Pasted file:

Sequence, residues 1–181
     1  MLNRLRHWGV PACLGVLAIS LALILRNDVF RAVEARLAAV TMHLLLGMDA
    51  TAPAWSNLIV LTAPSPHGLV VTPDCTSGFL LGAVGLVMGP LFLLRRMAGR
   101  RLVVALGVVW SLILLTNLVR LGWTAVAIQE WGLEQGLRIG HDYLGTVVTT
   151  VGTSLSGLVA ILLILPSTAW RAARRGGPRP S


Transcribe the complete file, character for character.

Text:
Sequence, residues 1–181
     1  MLNRLRHWGV PACLGVLAIS LALILRNDVF RAVEARLAAV TMHLLLGMDA
    51  TAPAWSNLIV LTAPSPHGLV VTPDCTSGFL LGAVGLVMGP LFLLRRMAGR
   101  RLVVALGVVW SLILLTNLVR LGWTAVAIQE WGLEQGLRIG HDYLGTVVTT
   151  VGTSLSGLVA ILLILPSTAW RAARRGGPRP S